Letters and Manuscripts — Volume 3 (1876 - 1882)


Lt 20a, 1881

White, W. C.

Crystal Springs, St. Helena, California

December 14, 1881

Previously unpublished.

[To W. C. White:]

I [will] have been here one week tomorrow night. The climate seems to agree with me, but I can do but little. My strength does not come very fast. I was unable to sleep after three o’clock. I stopped all writing and tried very hard to overcome this habit. I have done better here than any place since I left Colorado. I have a nice little room with open grate, and we are surrounded with abundance of wood. My horse, Black Prince, proves to be a treasure. He will take me forty miles per day and not show any great weariness. 3LtMs, Lt 20a, 1881, par. 1

I long to get back to Oakland but dare not go, for the least exposure brings upon me now, even here, quick and severe congestion of the lungs. I am afraid of the cold atmosphere. It clogs my lungs. I rode three miles this morning for the mail and immediately my lungs congested. I coughed all the way but when the sun shone I was relieved. I took a foot bath when I arrived home, and lay down. I am better now. But we were all fixed so nicely in Oakland; I want to give it another trial. 3LtMs, Lt 20a, 1881, par. 2

There is a family of eight very fine people from Oakland who have been here three months. They say they are afflicted with colds all the time when in Oakland. They remain here till February. They describe the very same condition of head, throat and lungs that I have had. But I look at my pleasant home in Oakland, fixed up so nicely, and I feel like crying every time I think of it. 3LtMs, Lt 20a, 1881, par. 3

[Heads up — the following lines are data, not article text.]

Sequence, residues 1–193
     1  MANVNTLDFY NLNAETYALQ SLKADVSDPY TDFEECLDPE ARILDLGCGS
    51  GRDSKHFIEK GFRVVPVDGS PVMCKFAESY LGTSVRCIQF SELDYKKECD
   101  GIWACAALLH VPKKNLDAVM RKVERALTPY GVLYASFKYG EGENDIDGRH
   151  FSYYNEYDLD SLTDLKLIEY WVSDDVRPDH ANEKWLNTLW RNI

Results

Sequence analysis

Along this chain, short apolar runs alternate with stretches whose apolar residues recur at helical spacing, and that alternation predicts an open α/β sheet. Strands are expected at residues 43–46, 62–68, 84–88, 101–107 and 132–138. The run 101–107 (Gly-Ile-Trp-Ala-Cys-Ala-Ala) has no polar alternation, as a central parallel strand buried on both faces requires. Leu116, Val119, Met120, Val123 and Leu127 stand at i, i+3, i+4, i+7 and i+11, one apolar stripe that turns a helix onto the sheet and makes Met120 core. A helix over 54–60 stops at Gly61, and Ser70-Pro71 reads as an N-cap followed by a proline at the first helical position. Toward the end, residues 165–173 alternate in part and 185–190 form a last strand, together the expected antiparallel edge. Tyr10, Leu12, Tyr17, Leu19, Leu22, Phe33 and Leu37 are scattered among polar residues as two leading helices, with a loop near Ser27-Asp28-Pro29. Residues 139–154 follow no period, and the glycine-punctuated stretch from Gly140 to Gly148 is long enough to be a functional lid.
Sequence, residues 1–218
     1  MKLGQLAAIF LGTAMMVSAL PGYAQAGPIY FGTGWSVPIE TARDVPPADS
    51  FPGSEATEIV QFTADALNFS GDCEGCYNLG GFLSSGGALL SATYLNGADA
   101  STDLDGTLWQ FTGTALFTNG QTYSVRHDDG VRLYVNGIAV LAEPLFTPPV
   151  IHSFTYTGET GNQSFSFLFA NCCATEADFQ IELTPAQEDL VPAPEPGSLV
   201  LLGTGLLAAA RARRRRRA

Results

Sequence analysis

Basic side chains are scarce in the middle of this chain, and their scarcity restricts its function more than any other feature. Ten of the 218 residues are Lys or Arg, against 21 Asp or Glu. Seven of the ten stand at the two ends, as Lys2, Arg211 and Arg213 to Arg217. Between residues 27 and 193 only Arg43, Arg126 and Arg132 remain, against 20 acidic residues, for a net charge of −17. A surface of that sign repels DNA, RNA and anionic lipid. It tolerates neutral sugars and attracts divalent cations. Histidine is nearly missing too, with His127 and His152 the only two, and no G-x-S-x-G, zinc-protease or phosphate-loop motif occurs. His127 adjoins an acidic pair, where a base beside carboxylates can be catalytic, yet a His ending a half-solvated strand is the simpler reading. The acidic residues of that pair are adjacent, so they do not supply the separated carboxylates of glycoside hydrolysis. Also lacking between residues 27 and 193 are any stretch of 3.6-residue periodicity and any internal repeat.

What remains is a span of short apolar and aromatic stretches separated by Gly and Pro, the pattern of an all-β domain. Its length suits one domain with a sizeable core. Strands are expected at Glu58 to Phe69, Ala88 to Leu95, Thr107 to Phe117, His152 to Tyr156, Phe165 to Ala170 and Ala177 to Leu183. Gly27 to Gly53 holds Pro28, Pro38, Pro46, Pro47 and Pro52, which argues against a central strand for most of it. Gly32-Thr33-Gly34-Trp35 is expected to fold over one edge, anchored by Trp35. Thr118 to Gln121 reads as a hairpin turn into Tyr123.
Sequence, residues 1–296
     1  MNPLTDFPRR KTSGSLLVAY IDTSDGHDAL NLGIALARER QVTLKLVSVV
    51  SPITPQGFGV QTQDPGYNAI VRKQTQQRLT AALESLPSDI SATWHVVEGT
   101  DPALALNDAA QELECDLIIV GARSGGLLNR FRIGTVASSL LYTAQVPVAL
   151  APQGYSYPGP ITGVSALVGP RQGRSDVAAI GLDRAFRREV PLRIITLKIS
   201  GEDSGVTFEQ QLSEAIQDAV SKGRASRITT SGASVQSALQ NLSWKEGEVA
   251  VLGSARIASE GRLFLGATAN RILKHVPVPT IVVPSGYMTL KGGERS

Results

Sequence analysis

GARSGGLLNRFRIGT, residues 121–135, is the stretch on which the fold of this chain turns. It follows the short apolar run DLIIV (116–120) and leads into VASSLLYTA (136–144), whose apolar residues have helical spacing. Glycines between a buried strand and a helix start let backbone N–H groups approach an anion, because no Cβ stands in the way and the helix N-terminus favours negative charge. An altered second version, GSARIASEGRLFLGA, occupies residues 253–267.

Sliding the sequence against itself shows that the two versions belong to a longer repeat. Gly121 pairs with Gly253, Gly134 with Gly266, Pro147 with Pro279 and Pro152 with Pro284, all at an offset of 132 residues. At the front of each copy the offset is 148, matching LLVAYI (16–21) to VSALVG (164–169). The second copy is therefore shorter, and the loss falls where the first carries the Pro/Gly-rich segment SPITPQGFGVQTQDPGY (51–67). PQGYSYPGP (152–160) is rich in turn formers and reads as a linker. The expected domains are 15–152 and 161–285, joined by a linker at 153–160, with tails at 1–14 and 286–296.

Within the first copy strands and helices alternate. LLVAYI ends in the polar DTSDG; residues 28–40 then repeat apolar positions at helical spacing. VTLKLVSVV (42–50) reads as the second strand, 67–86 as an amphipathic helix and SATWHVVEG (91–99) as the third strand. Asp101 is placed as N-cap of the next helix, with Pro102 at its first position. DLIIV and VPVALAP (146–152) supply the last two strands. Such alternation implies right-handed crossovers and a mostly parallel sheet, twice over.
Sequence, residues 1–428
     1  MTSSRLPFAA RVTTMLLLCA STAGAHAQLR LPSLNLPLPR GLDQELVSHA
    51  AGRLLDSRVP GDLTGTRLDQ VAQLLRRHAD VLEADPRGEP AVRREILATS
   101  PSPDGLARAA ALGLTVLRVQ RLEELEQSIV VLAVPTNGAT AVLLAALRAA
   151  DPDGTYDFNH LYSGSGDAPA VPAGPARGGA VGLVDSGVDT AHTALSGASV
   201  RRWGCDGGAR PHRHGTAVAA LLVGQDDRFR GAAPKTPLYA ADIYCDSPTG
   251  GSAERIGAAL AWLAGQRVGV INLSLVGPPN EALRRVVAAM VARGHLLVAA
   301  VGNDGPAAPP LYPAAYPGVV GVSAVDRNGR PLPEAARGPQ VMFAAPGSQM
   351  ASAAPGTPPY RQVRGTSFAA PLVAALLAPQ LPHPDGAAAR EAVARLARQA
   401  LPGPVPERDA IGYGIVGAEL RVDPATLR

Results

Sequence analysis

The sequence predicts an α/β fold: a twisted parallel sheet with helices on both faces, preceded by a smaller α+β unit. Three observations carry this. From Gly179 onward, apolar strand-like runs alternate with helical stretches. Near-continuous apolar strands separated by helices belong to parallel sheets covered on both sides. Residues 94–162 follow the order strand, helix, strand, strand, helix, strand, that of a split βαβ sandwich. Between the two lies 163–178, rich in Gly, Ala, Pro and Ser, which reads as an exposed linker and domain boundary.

But Willie, if you will bring with you my little girls, May and Addie Walling, I will go on the Healdsburg place and make that my home. I have offered it for four thousand. If I can sell it, I will build me a little cottage near the [Rural] Health Retreat and live here. They have good schools here, they say. Brother Pratt says he shall take his children down to Healdsburg and school them, and perhaps this is what I ought to do—go on my place and make Healdsburg my home. You may bring my children. If I ever go east, it will be to remain there only a short time, to return again. 3LtMs, Lt 20a, 1881, par. 4

I have written you quite often. Your letter was mailed to me from Healdsburg. I want to hear from you and Edson often. (Look into Edson’s matters. If he really needs help, let him have it. I will cancel that note of five hundred if you think best.) 3LtMs, Lt 20a, 1881, par. 5

I have had one of the greatest struggles I ever experienced in my life in fighting down feelings which would come up in regard to many things. But I have, I trust, gained the victory. The struggle of soul almost mastered me. I would go over all the history of the past by day and through the night. A cold sweat would start out from the pores of my body. I spent many sleepless hours through severe congestion of the brain. I have entreated the Lord most earnestly to give the peace and rest of mind I needed. I know my prayer is heard. I have left myself and all with Jesus. He will care for me. He will give me rest in His precious love. 3LtMs, Lt 20a, 1881, par. 6

I hope the Lord will give you wisdom, courage, and fortitude. I hope that the Lord has been indeed presiding at the General Conference. I have had some good letters from Mary, but have heard nothing from Oakland for one week, although I am constantly sending letters to them. 3LtMs, Lt 20a, 1881, par. 7

I will write tomorrow or very soon in reference to things at home in Battle Creek—what to bring with you and what shall remain. I dare not go to Los Angeles until I gain more strength. I have no power of endurance. 3LtMs, Lt 20a, 1881, par. 8

Do not neglect to write me. I think the children should be with me in California. Send your letters to Oakland and I will keep them apprised of my where-abouts. Will you see Dr. Hill and secure his labors here? Have him come soon, for I think he should commence as soon as possible. 3LtMs, Lt 20a, 1881, par. 9

It is so dark I cannot see. Tell Sister Mead to let Sister Mary [Chase] have anything in line of vegetables or canned fruit that she needs. God forbid that my husband’s sister should be in any way neglected. 3LtMs, Lt 20a, 1881, par. 10


I thank the children for their letters. 3LtMs, Lt 20a, 1881, par. 11